A virtual reality headset under 25 cents

Is the $4 price tag of a Google Cardboard on Amazon too much for your budget?

Don’t have the lenses and pizza box needed to make your own from scratch?

Try the TinVR kit, which turns an empty soda or beer can and some felt into a virtual reality headset that not only runs all Google Cardboard apps, but is fully compatible with Google Cardboard v2 — since it doesn’t block access to the smartphone screen.

Brian Ornstedt of TinVR.

Brian Ornstedt of TinVR at the Boston VR Meetup.

I got a chance to try one on at the Boston VR meetup this evening and it actually works. You actually look through two pinholes while you hold your smartphone a few inches in front of your face.

I tried out my favorite virtual roller coaster app, and it worked great.

Brian Ornstedt of TinVR.

Brian Ornstedt of TinVR.

It’s no Oculus Rift. But it’s a step up from just starting at your phone with your eyes crossed trying to get the 3D effect to kick in.

Instructions and templates are available for free online, and the company also plans to sell do-it-yourself kits.

TinVR is a Boston-based startup that actually launched today.

Brian Ornstedt

Brian Ornstedt

“We want as many people to have access to virtual reality as possible,” said Brian Ornstedt, president of TinVR. “We’re giving them the tools and the design to be able to do that.”

The company has also submitted an app to the Apple App Store, a simple 3D photo capture sharing and viewing app.

“It should be available next week,” Ornstedt said. An Android version of the app will be available later, he added.

Depending on where the materials are bought, it should cost between 15 and 20 cents to make each headset, if you can get the cans for free.

 

maria@hypergridbusiness.com'

Maria Korolov

Maria Korolov is editor and publisher of Hypergrid Business. She has been a journalist for more than twenty years and has worked for the Chicago Tribune, Reuters, and Computerworld and has reported from over a dozen countries, including Russia and China.

  • lmpierce

    Great! Now we just need a 25 cent smartphone with service for 25 cents a month!

  • I was thinking more about this on my drive home from the event last night, and it occurs to me that the main working element there are the two pinholes. So any piece of material that you can poke pinholes through should work for this.

    You need to measure your inter-pupillary distance — instructions here: http://doc-ok.org/?p=898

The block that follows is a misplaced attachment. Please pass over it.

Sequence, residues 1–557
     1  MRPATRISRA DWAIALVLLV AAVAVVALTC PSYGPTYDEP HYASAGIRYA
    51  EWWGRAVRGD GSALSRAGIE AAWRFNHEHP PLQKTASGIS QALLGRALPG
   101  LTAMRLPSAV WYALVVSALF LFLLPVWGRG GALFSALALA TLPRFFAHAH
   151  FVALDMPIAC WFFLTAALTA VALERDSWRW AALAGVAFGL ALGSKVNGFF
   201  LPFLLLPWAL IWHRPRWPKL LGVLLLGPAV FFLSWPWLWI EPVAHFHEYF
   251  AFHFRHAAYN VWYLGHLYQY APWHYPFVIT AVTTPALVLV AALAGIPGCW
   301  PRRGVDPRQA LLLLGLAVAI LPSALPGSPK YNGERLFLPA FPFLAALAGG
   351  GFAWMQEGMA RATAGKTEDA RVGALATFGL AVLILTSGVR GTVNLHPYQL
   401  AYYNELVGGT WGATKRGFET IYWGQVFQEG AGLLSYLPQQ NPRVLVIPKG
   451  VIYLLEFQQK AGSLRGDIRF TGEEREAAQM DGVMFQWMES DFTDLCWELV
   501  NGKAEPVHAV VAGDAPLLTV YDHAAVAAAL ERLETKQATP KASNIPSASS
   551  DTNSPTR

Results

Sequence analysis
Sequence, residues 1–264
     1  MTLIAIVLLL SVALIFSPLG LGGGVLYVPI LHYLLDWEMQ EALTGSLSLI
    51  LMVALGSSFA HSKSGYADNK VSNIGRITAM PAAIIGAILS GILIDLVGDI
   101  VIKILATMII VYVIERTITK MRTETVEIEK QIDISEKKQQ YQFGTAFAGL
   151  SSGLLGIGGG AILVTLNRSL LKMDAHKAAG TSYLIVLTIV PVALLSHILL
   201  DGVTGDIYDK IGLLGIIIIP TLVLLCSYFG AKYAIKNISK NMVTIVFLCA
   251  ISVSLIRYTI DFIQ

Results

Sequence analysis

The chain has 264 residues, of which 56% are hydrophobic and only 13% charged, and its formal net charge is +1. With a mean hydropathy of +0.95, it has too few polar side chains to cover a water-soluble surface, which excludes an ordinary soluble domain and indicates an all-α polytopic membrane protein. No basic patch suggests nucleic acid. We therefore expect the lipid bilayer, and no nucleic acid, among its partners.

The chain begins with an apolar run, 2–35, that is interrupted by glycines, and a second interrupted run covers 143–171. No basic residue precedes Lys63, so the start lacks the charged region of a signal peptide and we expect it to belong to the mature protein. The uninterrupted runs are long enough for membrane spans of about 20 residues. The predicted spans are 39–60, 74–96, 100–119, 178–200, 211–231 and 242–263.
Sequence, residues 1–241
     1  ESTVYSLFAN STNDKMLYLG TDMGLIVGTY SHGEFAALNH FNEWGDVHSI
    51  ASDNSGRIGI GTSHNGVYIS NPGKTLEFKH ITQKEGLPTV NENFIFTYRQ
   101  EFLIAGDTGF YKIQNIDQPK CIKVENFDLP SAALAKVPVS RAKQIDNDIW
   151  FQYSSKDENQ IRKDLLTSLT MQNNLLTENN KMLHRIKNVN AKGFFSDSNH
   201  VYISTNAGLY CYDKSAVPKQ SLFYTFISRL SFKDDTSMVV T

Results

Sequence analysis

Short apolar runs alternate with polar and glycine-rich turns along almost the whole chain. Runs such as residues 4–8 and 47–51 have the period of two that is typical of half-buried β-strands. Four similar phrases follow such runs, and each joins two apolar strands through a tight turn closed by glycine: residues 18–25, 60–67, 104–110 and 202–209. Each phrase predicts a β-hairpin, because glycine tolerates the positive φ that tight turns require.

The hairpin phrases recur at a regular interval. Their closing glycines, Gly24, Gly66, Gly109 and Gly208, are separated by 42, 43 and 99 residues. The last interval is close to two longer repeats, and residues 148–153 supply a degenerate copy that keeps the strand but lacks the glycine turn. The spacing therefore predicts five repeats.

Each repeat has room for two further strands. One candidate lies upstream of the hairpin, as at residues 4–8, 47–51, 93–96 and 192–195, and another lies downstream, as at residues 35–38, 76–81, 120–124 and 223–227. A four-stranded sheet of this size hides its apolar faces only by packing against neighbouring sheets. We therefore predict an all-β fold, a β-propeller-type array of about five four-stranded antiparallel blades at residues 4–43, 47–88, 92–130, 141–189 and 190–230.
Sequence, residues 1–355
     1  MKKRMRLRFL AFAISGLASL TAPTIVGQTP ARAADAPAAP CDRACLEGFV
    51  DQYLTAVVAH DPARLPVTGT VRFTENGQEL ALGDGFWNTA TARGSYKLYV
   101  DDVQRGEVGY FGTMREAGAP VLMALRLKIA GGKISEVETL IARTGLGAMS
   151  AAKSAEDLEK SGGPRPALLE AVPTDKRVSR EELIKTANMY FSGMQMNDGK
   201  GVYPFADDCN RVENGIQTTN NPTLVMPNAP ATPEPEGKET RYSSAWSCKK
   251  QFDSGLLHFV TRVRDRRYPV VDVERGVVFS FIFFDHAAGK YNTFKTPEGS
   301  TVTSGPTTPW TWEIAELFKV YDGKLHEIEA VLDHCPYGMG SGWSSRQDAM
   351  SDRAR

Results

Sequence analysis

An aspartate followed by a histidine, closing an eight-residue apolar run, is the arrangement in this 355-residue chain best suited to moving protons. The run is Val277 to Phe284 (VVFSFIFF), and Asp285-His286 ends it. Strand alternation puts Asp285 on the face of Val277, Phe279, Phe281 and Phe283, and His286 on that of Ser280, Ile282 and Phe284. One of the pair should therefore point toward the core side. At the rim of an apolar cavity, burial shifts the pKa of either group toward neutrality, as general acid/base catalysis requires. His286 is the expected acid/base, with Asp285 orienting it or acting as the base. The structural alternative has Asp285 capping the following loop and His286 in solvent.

I just made one out of a piece of cardboard, and it worked. Not great, though — with cardboard, it’s hard to get a clean edge on the pinholes, so it makes the image a wee bit fuzzy.

    But basically, you need something shaped roughly like this, with the pinholes adjusted for your eyes:

    http://www.nawari.co.jp/nawari_english_site/images/photo_lumidots_basic_large.jpg

    A piece of opaque plastic would probably work ok.

  • Are you serious? For the price it could at least hold the phone in place, so that we can type commands… of well, even with the phone held in front of our eyes, how to type keys? or what serves this purpose on a cell phone.

    Having a cheap headset, not tiring to wear, with a good quality, is still a matter of development to be done. The most advanced today are microsoft, although their system is not intended for full immersion.

    • I think you’re missing the point here. The idea is to enable you to watch 3D videos and go on 3D tours with your smartphone without having to spend money on a headset, just to try it out.

      None of these applications usually require typing — although if you did want to use the on-screen keyboard, you can, because the phone isn’t blocked by a headset. Most other smartphone-based HMD’s lock the phone away inside the case, so that you can’t easily reach it

      You can buy one of those headsets from one of these manufacturers: http://www.hypergridbusiness.com/2015/05/where-to-get-new-google-cardboard-cases/

    • Rene

      The word VR get over-broadened. Yichard, these simper devices are meant for passive stereo viewing, usually to watch 3D movies. Some use Omni-vision recordings so that you can turn your head and see beyond just the limited forward view, the phone’s internal rotation tracking is good enough to make that work reasonably well. Even that small amount of interaction generates a rich and compelling experience, limited to some degree by the pixel density of the phone’s display resolution.